The ride is a real highlight, too. It manages to be soft and isolating without feeling too floaty or uncontrolled, and it didn't thump over the bumps we could find even with the 20-inch wheels fitted. We've also driven a Cargo model on 18-inch wheels that was seriously smooth.

All in all, we've not driven any electric van or van-based MPV that offers this level of refinement and comfort beyond the super-expensive Mercedes-Benz EQV. 

To begin with, Volkswagen ID.Buzz came solely equipped with a 77kWh battery pack and a 150kW (204PS) electric motor powering the rear wheels. Torque is rated at a punchy 310Nm.

So equipped. the Volkswagen ID.Buzz can go from 0-62mph in 10.2 seconds and on to a limited top speed of 90mph. That might sound a bit slow, but it doesn't feel it, with the instant power delivery making for sprightly performance around town. There's enough punch for it to not feel underpowered on faster roads and motorways, either. 

Frankly, it's all the performance we can see the majority of family buyers needing, and faster than most other electric MPVs. The same figure is quoted for the ID.Buzz Cargo, but it feels fractionally faster because it's a bit lighter with no rear seats and less equipment. 

Some big changes happened in 2024. Regular five-seat versions stuck wityh the same 77kWh battery, but the power output of the rear-mounted electric motor increased to 286PS, quite the jump. We haven't tried it yet, but we'll update this review as soon as we do. The long-wheelbase seven-seater version also arrived, which used the same motor but increased battery size to 86kWh (the extra length means there's room gor more cells in the floor-mounted battery pack). The range-topping, high-performance GTX variant arrived at a similar time - available i  both short- and long-wheelbase body styles, and this adds a second electric motor on the front axle to hike the power to 340PS.

Despite being in essence an electric van, the Volkswagen ID.Buzz has a pretty slippery body, with a drag coefficient (aerodynamics rating) that's only slightly worse than an ID.4's.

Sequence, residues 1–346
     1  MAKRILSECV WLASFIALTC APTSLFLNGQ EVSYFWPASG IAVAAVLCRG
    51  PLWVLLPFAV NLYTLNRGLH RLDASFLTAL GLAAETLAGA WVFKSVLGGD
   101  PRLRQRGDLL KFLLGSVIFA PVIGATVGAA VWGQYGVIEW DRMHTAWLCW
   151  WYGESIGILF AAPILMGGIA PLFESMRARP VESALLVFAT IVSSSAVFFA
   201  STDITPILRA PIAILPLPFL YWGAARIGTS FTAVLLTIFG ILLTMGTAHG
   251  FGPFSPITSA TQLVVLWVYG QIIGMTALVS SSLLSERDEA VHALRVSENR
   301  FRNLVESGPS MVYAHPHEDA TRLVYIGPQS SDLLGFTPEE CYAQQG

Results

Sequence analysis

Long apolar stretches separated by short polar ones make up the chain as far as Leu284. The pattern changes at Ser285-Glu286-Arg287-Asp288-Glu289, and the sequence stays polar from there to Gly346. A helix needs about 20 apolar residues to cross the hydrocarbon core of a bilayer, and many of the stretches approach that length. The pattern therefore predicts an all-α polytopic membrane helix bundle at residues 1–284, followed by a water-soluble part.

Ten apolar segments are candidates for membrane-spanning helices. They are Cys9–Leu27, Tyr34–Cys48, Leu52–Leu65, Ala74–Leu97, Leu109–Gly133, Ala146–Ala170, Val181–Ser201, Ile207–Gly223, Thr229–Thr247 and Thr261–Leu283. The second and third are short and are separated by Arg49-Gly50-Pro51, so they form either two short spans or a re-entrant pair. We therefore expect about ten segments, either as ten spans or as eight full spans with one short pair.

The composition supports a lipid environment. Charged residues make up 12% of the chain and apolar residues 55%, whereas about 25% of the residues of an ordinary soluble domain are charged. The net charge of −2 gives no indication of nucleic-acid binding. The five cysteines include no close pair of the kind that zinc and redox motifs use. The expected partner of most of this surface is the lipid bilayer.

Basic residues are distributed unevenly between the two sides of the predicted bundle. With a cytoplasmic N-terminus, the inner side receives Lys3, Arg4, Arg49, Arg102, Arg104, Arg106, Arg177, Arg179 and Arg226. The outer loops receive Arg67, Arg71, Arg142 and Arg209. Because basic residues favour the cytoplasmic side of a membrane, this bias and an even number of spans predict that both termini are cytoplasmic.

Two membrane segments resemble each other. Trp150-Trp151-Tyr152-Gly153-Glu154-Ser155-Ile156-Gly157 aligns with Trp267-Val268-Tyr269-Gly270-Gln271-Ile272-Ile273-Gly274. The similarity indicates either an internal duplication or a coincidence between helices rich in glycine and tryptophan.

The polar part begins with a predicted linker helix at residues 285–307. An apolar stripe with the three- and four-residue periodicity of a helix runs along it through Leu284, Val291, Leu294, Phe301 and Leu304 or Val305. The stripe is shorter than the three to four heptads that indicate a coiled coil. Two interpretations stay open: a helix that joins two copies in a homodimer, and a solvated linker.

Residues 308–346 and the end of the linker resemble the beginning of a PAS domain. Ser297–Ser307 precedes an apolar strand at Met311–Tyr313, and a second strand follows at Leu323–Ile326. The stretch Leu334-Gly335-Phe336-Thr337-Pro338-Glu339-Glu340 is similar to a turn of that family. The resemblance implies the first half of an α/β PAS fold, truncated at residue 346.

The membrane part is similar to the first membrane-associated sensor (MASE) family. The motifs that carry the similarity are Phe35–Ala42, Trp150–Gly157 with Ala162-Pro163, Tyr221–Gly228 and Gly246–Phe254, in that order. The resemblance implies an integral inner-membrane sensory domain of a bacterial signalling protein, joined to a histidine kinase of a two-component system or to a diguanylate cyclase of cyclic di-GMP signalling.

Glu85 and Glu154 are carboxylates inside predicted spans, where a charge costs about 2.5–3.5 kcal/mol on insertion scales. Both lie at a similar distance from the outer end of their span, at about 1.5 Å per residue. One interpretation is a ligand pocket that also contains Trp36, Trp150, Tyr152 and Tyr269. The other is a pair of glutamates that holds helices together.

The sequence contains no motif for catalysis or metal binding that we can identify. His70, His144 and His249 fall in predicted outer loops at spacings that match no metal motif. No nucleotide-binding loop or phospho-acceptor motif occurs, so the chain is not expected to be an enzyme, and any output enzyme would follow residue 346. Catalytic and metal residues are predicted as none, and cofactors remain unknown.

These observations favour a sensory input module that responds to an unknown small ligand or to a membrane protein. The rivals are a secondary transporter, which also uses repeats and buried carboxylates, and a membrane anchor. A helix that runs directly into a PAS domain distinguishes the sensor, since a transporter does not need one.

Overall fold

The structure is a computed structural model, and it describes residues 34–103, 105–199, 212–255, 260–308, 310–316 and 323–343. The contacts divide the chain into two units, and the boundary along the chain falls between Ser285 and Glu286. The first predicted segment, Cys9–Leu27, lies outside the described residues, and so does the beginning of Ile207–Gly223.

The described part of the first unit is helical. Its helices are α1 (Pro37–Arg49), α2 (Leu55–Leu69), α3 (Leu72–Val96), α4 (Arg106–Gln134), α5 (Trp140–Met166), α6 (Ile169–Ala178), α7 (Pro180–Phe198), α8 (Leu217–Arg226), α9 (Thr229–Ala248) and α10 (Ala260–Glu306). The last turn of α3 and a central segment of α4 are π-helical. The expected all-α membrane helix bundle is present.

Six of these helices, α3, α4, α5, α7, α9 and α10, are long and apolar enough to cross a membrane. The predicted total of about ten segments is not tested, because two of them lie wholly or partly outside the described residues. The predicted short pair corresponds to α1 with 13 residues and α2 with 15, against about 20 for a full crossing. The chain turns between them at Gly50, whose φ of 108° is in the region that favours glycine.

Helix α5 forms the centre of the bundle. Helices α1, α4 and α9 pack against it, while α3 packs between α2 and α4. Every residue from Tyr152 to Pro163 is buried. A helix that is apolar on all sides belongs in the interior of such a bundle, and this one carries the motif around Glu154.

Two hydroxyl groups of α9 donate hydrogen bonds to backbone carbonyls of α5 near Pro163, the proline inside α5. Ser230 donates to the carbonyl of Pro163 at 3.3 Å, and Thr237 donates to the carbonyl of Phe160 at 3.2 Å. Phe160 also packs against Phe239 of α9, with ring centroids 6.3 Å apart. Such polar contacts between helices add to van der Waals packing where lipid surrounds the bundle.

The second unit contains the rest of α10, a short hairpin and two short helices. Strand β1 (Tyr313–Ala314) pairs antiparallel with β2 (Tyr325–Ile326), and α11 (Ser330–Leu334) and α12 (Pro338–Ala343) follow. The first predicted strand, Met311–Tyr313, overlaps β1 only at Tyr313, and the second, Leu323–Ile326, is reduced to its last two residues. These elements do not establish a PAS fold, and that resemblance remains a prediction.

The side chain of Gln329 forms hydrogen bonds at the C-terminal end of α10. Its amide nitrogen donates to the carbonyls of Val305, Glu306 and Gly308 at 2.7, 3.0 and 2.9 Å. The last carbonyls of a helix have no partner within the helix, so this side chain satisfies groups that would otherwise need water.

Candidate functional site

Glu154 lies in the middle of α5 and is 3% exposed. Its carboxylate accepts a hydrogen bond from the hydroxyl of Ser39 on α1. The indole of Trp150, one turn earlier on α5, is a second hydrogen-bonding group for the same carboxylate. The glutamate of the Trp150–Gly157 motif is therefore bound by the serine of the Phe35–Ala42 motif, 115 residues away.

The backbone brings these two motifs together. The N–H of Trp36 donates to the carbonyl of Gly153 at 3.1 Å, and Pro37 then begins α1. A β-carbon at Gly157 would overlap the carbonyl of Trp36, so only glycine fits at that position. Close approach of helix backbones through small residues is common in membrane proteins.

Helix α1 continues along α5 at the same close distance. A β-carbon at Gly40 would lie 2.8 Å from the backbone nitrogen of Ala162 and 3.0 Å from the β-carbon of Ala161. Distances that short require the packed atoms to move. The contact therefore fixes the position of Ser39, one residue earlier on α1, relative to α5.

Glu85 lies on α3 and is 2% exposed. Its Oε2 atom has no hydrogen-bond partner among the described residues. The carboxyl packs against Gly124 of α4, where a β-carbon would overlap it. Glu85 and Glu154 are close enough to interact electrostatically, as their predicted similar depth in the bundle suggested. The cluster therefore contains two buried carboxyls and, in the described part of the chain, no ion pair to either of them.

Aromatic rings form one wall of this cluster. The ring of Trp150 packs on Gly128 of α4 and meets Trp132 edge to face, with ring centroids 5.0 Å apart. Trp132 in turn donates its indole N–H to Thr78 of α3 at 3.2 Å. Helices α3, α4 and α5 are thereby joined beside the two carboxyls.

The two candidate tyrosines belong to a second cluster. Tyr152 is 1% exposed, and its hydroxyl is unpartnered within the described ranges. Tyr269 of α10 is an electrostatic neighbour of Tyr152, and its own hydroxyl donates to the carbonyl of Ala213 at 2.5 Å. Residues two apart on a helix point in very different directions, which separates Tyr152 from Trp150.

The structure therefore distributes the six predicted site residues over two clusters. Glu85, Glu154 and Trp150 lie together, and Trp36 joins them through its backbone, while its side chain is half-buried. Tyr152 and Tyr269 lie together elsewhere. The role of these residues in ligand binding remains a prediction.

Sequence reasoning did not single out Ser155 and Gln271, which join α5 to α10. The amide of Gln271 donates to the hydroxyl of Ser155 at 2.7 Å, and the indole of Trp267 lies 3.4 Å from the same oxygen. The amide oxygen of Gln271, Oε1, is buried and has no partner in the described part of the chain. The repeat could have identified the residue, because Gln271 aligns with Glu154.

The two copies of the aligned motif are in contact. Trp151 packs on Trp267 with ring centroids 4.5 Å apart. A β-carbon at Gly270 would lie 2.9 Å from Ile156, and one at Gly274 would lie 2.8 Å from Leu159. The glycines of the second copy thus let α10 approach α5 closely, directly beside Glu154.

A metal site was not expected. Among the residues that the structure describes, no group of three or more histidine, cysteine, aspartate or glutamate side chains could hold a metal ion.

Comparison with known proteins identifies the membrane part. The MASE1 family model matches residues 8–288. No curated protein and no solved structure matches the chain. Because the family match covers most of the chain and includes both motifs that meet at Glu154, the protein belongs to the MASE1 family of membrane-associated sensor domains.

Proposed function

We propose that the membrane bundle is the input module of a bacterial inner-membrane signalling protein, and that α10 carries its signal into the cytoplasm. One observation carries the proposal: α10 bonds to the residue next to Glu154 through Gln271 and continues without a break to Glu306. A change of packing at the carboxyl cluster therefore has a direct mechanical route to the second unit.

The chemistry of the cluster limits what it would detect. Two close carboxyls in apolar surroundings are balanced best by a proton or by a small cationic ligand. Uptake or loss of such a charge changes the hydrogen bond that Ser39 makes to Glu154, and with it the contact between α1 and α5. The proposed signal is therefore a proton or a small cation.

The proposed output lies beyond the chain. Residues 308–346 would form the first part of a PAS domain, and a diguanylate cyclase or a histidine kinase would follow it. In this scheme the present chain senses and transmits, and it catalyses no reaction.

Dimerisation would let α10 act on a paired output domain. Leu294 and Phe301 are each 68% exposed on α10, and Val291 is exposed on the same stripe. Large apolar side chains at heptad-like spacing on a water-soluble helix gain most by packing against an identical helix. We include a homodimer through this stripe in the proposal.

It's still a bigger, heavier vehicle, though, so it can't quite match the ID.4's claimed maximum range of 322 miles. Still, the Volkswagen ID.Buzz's maximum range of 258 miles under WLTP testing is a very competitive figure, exceeding the bigger Mercedes-Benz EQV by 45 miles despite its smaller battery. 

The VW ID.Buzz Cargo is a touch less aerodynamic and its range figure reduces ever so slightly to 256 miles. Either way, we saw around three miles per kWh on our test drive which took in motorways, A-roads and a bit of town driving. That equals a real-world range of 230 miles - far in excess of what you'd see out of Peugeot, Citroen and Vauxhall's electric vans/van-based MPVs. Even in the middle of winter, our ID.Buzz test car was returning 200 miles from a charge.

However, all that was before VW swapped the ID.Buzz's 204PS electric motor for a more powerful 286PS one, and we haven't yet seen technical specs for that version, so we don't know what effect it'll have on the car's range. That occurred at the same time as the introduction of the long-wheelbase version, which has a bigger battery, but also a bigger, heavier body. Still, official range figures are given at between 286 miles and 291 miles depending on trim, so a small improvement. We haven't yet seen range figures on the GTX version, so we'll have to wait and see on that one.

This is where the Volkswagen ID.Buzz has the edge over all of its van-based competitors, save perhaps the considerably more expensive Mercedes-Benz EQV. Underneath, all the mechanical and electrical bits are shared with other ID passenger models, which means you get the same impressive refinement levels as one of VW's electric cars.

From our experience so far, the ID.Buzz is impressively refined. There's very little wind noise for such a tall, high-sided vehicle, while road noise seems well isolated, too. The electric motor whine isn't very noticeable, either. In fact, it's as refined as a well-sorted electric SUV. 

The Volkswagen ID.Buzz features the same array of safety equipment as its smaller ID siblings, including front driver and passenger-, side-, curtain- and centre airbags, lane keeping assist, adaptive cruise control with Intelligent Speed Assist and Front Assist automatic emergency braking that'll also detect pedestrians and cyclists. 

If you go for the entry-level ID.Buzz Cargo Commerce, you only get basic cruise control and lose the centre airbag because there is a three-seat front bench, but everything else remains. An optional Assistance Package Plus adds a number of further safety features including Lane Change Assist and Traffic Jam Assist. 

Parking sensors all-round and a reversing camera are standard on the cheapest passenger ID.Buzz (there's no camera on the base Cargo), while there's the aforementioned Park Assist Plus with memory function to take your parking skills out of the equation entirely. 

Of course there are ISOFIX child seat mounting points for the outer two rear seats, but not three as you might find in some electric MPVs such as the Citroen e-Berlingo. Even more disappointing is that there's no front ISOFIX point in the ID.Buzz at all. 

The Volkswagen ID.Buzz has been awarded a very respectable five-star safety rating by Euro NCAP.

Charging times: How much does it cost to charge the Volkswagen ID.Buzz?

"Initially, the Volkswagen ID.Buzz was only available with one battery option, and those are the only ones we've seen charging speed data for."